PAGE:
PANEL PRESENTATION: 90-min panel (3-5 speakers) comprising a collection of individual papers on a shared topic of interest related to discourse or the teaching of writing.

WORKSHOP: 90-min workshop (run by any number of facilitators) focusing on a particular question, issue, or problem.

Abstract for the proposed presentation (400 words maximum, plus references)

For individual papers and panels, please

  1. describe the research question or pedagogical issue or innovation;
  2. establish its significance;
  3. outline the theoretical framework and research method;
  4. highlight key findings (and, optionally, implications);
  5. include a brief reference list.

For workshops, please

  1. describe the facilitator(s), their role(s), and relevant expertise;
  2. state the question, issue, or problem;
  3. establish its significance;
  4. outline the objectives and framework, including activities in which participants will engage.

 CIRCULATION

Abstract for the proposed 5 x 5 presentation (100 words maximum)

  1. include list of slides and bibliography

Proposals Due:  January 25, 2019

Please email proposals and inquiries to the program chair, Dana Landry.

All proposals will be subject to blind review. Proposers will be notified of their acceptance status by February 28, 2019 and must register for the conference by March 1, 2019.

Save the Date: CASDW Conference 2019

Eleventh Annual CASDW/ACR Conference

When: June 1-3, 2019

Where: University of British Columbia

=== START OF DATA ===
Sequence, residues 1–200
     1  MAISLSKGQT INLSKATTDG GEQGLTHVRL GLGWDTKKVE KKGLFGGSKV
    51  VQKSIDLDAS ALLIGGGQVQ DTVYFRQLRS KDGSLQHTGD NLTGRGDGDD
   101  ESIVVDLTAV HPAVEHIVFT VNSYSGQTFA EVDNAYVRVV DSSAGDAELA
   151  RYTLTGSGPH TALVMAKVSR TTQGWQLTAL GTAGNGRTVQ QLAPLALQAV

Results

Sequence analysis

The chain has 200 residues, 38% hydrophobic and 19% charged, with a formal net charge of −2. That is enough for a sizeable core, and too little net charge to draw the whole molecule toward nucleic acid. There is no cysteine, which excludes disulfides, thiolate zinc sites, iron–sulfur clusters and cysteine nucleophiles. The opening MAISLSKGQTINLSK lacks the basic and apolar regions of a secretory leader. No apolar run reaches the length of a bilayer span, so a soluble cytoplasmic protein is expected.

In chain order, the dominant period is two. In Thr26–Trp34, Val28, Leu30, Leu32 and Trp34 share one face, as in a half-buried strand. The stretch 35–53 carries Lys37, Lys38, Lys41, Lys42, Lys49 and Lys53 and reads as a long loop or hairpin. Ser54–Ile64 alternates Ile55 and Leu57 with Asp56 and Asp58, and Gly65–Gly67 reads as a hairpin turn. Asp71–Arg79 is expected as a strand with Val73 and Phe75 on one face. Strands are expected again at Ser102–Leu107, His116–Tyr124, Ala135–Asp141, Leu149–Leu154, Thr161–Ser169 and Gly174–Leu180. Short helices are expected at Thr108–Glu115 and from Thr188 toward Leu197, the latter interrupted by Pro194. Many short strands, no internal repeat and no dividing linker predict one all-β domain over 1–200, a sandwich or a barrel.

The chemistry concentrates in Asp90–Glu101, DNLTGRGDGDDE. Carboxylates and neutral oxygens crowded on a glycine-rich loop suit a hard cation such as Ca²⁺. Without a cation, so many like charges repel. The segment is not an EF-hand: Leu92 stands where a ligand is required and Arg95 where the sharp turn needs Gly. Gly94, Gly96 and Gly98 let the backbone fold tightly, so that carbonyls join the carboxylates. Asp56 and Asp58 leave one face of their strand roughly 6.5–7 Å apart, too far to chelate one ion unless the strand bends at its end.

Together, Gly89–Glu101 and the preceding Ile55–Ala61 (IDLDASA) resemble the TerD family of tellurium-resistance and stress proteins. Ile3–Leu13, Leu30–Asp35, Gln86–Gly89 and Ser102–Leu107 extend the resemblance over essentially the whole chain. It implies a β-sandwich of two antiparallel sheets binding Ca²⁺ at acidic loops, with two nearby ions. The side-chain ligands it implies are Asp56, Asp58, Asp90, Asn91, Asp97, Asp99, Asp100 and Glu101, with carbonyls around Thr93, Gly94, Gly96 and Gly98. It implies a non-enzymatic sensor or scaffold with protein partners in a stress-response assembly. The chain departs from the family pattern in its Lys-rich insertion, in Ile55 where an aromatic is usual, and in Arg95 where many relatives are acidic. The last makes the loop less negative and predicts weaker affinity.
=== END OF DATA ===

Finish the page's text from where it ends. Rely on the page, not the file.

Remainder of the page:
Proposal deadline: January 25, 2019

A full Call for Papers will be posted soon for the eleventh annual conference of CASDW/ACR, the largest gathering of writing studies scholars in Canada. 

Job Opportunity: Director, Writing and Communication Center, MIT

MIT seeks a Director for the Writing and Communication Center (WCC) beginning Fall 2019. MIT’s WCC focuses on advanced professional communication skills with a particular emphasis on STEM fields. MIT values the development of communication skills of its students and the Director of WCC is expected to provide leadership, strategic vision, and innovation designed to advance practices that aid in that pursuit. This is a full-time (12-month) renewable non-tenure track position. The initial appointment to this position would be for five years. The WCC is open to faculty, postdocs, undergraduate and graduate students, alumni, and staff, and provides clients with professional one-on-one instruction in all stages of the communication (oral, written, digital) process from drafting to revision. The Director of the Center is responsible for overseeing its daily operation, providing training and supervision for the professional tutors (lecturers) that staff the Center, collating program evaluation and usage data, administering WCC policies and practices, overseeing the WCC website, and producing annual reports. The Director is also expected to teach the equivalent of two classes per year, tutor students across the disciplines, present workshops to relevant groups, promote the WCC within MIT, and coordinate efforts with the Writing, Rhetoric, and Professional Communication program.

More information about this position can be found here.

Job Opportunity: Tenure-Track Instructor, Coordinated Arts Program, UBC

The Faculty of Arts at the University of British Columbia, Vancouver, invites applications for a tenure-track position, to begin July 1, 2019, with appointment at the rank of Instructor (in UBC’s Educational Leadership stream). The successful candidate will have primary responsibilities in the Coordinated Arts Program (CAP), teaching Arts Studies (ASTU) 100 and 101, and will be appointed and expected to teach some courses in a department of their disciplinary specialization.